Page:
The Need for Self-Care

Dear Warrior,

            I’ve been traveling a lot this past year - mostly by plane. I’ve grown quite accustomed to packing less than 50lbs, never loosening my grip on my passport, negotiating seat arrangements with other passengers so I can sit by my husband…you know the drill.

            Before take off they always play a fairly annoying, but I guess pretty necessary, video of safety instructions. Getting you accustomed with the exits, showing you how to put on your seatbelt, etc. There is a point in that video where they prepare you for the possible event of losing oxygen. They say that these masks will magically fall from the ceiling and all you do is strap it on and you’re good to go. They always make it very clear that if you’re with someone who needs help – even an infant – you must put your own mask on before assisting them with theirs.

            Is that morally right? Does putting my own mask on before helping the kid next to me make me a selfish person? Is that something I should feel shame about?

            I’ve never been put in that specific situation – and goodness I pray I never am. But I imagine they made that rule of thumb knowing that if you haven’t taken care of yourself, you might not be able to effectively take care of someone else.


            There was a moment in the midst of my depression where I became incredibly aware of how little I was taking care of myself. I would go a week without a shower. I’d go to bed at night without brushing my teeth or washing my face. I hadn’t exercised in months. I would spend the majority of my free time watching Netflix. I canceled or avoided as many social situations as possible. My time spent with God was little to none.

            As you can imagine, during this season I was the lowest I had ever been physically, spiritually, and emotionally. I wasn’t giving or pouring out to anyone because I had nothing to give or pour. I was doing quite the opposite. To be blunt, I was acting as a leech to those around me. I was counting on using other people’s energy to keep me going.

            I learned from experience that to be able to pour out and help others, I had to first take care of myself. That came in simple ways like daily hygiene, having consistent quiet times truly meeting with God, exercising and getting my heart rate up, or getting outside.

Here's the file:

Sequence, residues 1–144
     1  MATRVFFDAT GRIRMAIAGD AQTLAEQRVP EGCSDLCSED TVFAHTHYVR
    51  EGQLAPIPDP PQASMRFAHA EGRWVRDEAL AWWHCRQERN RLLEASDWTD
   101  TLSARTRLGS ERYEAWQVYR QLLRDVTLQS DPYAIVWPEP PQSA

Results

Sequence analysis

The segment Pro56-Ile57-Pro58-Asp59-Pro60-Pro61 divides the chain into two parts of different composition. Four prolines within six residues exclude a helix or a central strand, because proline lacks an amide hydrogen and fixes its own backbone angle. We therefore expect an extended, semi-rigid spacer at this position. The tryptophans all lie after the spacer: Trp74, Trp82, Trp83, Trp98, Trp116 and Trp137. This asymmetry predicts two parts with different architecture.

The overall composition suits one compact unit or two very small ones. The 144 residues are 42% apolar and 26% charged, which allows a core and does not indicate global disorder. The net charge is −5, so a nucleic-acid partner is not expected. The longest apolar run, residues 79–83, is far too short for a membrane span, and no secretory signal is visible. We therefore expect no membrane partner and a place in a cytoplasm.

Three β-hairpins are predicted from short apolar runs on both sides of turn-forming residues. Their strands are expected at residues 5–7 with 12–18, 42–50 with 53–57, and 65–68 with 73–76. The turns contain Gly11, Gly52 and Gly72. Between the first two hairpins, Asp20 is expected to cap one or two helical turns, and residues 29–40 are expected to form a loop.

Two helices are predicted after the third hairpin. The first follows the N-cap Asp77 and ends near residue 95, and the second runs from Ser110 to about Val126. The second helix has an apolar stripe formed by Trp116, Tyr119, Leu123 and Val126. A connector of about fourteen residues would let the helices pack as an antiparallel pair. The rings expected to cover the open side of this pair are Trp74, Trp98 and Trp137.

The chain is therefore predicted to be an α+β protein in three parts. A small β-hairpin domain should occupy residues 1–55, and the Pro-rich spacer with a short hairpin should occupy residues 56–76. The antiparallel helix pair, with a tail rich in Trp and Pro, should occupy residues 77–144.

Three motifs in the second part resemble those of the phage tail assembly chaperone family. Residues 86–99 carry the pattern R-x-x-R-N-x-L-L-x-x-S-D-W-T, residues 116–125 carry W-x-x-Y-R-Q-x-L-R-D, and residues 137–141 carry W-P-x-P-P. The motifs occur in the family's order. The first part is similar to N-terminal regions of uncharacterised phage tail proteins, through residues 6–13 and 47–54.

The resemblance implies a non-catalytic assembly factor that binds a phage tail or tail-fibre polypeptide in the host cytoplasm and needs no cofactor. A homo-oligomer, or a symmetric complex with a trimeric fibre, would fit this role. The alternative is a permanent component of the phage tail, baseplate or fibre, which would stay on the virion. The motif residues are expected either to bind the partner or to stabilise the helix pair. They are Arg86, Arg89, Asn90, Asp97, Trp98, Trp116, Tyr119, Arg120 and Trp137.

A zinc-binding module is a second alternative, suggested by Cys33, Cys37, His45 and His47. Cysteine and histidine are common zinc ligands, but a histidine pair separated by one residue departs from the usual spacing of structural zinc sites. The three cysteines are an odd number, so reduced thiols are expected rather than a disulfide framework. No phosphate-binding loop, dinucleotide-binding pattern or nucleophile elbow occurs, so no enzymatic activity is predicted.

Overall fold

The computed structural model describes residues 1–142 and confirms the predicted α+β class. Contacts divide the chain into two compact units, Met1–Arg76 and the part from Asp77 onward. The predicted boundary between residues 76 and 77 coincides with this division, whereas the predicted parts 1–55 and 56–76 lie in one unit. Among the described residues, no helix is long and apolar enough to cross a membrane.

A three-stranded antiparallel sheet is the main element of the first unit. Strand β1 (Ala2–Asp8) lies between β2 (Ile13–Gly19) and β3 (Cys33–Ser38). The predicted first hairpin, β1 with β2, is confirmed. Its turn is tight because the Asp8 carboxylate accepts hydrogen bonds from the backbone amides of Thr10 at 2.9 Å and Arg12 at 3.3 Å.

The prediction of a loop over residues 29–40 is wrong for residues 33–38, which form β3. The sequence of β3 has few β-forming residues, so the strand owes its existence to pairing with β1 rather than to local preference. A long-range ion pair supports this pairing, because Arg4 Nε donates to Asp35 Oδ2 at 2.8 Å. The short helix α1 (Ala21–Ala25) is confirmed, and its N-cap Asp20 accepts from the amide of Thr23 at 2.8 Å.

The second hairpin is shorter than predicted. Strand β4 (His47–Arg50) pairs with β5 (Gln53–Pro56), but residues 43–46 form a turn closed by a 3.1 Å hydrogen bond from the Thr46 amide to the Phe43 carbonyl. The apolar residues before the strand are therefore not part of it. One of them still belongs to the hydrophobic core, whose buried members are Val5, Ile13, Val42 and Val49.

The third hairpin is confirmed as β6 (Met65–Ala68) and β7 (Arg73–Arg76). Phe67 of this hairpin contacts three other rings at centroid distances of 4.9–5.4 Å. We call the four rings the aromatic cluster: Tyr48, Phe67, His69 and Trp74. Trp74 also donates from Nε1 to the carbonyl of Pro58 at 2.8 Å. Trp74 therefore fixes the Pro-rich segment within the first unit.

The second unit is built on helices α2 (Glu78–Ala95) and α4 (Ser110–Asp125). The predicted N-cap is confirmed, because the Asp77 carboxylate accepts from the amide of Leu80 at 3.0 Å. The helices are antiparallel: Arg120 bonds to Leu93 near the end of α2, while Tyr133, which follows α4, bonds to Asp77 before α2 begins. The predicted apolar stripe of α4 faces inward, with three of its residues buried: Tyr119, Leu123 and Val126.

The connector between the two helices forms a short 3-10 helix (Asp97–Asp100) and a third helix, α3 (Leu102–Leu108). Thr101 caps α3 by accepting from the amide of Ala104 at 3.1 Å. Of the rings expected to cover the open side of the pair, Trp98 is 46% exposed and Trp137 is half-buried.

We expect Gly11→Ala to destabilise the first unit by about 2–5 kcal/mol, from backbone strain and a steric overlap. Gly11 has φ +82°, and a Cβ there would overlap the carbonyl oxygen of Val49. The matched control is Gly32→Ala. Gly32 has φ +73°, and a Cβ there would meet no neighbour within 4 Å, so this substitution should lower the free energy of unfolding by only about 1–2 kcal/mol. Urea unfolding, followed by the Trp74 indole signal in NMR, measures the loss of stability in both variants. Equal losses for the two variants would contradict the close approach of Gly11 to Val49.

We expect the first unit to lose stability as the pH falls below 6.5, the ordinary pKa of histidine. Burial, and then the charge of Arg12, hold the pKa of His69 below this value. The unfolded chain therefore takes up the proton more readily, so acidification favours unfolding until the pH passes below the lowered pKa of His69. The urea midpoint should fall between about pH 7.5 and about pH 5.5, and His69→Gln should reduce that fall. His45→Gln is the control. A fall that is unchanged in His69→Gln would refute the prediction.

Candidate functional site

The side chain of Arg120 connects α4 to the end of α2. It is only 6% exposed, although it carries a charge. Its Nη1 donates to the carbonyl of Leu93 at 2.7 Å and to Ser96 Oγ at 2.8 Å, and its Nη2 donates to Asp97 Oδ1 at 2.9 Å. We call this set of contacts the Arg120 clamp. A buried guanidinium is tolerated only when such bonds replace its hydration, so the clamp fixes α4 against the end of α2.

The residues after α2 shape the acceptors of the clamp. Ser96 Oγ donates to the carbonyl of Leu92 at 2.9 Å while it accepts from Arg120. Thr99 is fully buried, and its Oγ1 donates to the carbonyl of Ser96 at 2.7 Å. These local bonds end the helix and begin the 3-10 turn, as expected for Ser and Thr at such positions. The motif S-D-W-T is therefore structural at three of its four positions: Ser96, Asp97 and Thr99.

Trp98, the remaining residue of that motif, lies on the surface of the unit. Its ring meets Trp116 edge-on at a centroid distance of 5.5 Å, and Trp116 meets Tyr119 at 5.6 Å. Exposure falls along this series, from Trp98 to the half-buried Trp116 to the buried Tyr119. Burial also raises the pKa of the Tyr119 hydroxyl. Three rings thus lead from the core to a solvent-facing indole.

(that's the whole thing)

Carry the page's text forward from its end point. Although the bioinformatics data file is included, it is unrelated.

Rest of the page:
As you may know if you have experienced depression, those things aren’t easy in the midst of being mentally ill. Getting out of bed was sometimes the biggest victory I could fathom. But I began working towards those things and giving myself grace when I would fail. I prayed that God would give me strength to spend time with Him. I prayed that He would help me build up the will power to turn off Netflix and take a walk outside. I prayed that all of those things wouldn't be selfishly motivated, but so that I could be healthy enough to love and pour myself out to others. Slowly but surely, He began to answer those prayers.

            I have also come up with a self care plan for when I’m in times of hard mental battles. I call them my “off ramps” because if my depression is a highway heading towards destruction, these things act as my exits. They help to clear my mind so I can get back to a healthy place where I am ready to fight again.

A few of mine include:

  • Taking a bubble bath
  • Artistically writing out a Bible verse or phrase of truth
  • Reading a book in my hammock
  • Taking Summit to the dog park
  • Going to a coffee shop to draw or read
  • Long boarding outside around my apartment complex
  • Getting dressed up nice with make up and all – even if I have nowhere to go
  • Calling up a friend to grab coffee
  • Writing a letter for the readers here

What are your self-care go-tos? How can you fight by taking care of yourself? What are your signs that lead you to taking action and fighting? I’d love to hear more of what this looks like for you. Feel free to leave a comment or reach out through the “Lets Chat” tab on the top of the webpage.

Take care of yourselves. You’re worth it.

The world needs you.


Keep fighting,